The draft lottery was a chance for the media to meet the man who will lead the Nets.
The key moment of David Stern's address to the media at the draft lottery came when he was asked if Mikhail Prokhorov is the kind of owner who can elevate a losing team "with the power of their personality and charisma."
Stern's answer: "No."
In March, Prokhorov made a debut of sorts in American media on 60 Minutes, in a story that focused heavily on things like indoor swimming pools, jet skiing and the beauties surrounding him in a Moscow nightclub. He also had a famous run-in with French police concerning the large number of young women he was traveling with, whom the police took to be prostitutes.
At the same time of the 60 Minutes story, Prokhorov was in a much more banal, but far more insightful Bloomberg TV interview, which made clear that whatever ties he may have in Russian politics, he is hardly somebody who merely lucked into his billions -- he's a very sophisticated businessman and leader with a strong track record in a series of ventures.
In saying "no" to the charisma questions, Stern was steering the conversation to the business-savvy Bloomberg version of Prokhorov, instead of the party-and-spend 60 Minutes version, as Stern went on to explain:
He's going to do it by hard work and good management. That's what does it. He's going to do by maybe by drafting a good player that comes out of the lottery and the draft; by surrounding that player with other good players; by making sure that people understand that he's committed to the entertainment experience at the Prudential Center, to commodious reception for Nets fans; and by selling tickets and sponsorships and suites and club seats and the kinds of things that distinguish successful franchises from unsuccessful franchises.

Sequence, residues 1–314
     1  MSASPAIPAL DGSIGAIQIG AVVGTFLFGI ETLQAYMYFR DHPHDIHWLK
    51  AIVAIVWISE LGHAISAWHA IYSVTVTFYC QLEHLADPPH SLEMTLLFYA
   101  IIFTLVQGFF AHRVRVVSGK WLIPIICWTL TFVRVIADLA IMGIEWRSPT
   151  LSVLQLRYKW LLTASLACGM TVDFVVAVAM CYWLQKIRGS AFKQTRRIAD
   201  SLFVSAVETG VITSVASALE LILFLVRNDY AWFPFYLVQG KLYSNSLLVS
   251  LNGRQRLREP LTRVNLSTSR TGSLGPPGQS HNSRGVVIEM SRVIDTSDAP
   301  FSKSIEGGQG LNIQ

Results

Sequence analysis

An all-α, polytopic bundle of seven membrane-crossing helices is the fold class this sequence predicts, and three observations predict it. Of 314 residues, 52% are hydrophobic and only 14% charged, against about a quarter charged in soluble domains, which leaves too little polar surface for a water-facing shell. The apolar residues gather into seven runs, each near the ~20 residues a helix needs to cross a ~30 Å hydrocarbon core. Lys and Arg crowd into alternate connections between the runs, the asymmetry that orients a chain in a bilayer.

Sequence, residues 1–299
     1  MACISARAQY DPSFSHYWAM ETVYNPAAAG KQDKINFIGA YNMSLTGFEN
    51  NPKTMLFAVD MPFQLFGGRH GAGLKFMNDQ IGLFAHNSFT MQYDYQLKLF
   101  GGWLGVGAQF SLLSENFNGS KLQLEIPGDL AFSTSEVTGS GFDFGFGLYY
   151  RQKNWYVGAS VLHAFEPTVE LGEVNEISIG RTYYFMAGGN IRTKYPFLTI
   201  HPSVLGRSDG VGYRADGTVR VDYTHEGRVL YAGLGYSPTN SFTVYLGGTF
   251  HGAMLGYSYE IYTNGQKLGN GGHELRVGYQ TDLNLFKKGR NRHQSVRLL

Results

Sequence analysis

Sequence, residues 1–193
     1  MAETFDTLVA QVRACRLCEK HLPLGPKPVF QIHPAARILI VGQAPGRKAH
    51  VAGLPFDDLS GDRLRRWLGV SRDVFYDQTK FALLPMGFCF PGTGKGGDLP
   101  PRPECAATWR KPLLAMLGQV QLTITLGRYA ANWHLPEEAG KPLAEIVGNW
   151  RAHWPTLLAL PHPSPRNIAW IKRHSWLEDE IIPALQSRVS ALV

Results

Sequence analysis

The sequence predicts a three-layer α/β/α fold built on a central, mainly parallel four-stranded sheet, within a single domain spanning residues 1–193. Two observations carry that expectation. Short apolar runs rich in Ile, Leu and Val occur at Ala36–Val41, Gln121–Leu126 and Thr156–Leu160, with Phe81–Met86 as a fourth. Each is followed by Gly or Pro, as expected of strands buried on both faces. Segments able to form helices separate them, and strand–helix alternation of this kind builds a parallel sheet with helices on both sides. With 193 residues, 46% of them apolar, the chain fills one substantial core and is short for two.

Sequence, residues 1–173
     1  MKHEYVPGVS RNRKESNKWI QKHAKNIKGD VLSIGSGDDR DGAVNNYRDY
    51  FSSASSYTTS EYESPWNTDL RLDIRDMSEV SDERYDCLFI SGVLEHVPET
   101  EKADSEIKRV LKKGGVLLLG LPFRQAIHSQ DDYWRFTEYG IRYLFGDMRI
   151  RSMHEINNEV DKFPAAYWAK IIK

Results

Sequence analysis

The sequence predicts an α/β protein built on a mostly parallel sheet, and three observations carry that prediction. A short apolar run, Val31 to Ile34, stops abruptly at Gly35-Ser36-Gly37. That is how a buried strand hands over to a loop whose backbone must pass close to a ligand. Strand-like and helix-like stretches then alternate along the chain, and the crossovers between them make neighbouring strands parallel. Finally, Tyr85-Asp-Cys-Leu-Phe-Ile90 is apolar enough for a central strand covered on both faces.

And from that perspective and it helps it helps when people have a sense, fans, consumers and the like, that there's a presence that is committed to all of the things I mentioned. And I think people will be persuaded that Michael is committed to that, and that in itself will help those sales. And players enjoy, believe it or not, playing in full houses, playing in sponsored situations, and playing for a team that they think has a bright future. And I think he brings all of those to the Nets.
One of the things Prokhorov made clear in the Bloomberg talk was that he believes in hiring the right people and delegating a ton of authority to them. He has made Irina Pavlova, former Google and Prudential executive, to be the president of Onexim Sports and Entertainment, which is the holding company that will manage his stakes in the Nets and the Brooklyn arena.
I asked Pavlova if she thought Prokhorov would be the kind of NBA owner who took a businesslike approach, with an eye on profits, or more of a deep-pocketed hobbyist who spent without fussing over details like the bottom line.
She said that he's passionate about basketball, but "he's a businessman first and foremost."
Also, there is one outstanding issue. What's his name?
Stern tells the media that Prokhorov invited him to call him "Mike" or "Michael." Pavlova allowed that such a thing may be OK, but it's not his name. If you can pronounce it, she urges you to call him by his actual name, which is the same as Gorbachev's. It's written phonetically as mihk-hah-EEL, but that sound in the middle is in a part of the throat that isn't usually part of English. (Think about the German word "nacht.") You can hear said properly on the VOA website.
By any name, however, those who know him best -- in the NBA, that includes Stern and Pavlova -- expect Prokhorov to be far more of a stoic, strategic long-term thinker than someone who will bowl people over with a flashy smile and flashier billions.
Evidence of that could be overheard in the media work room after the lottery, where a photographer was uploading photos of the Nets owner to her editors. "Just so you know," she said, "he almost never smiled. He was just stonefaced almost the entire time," which is, clearly, no way to behave if your career hinges on charisma.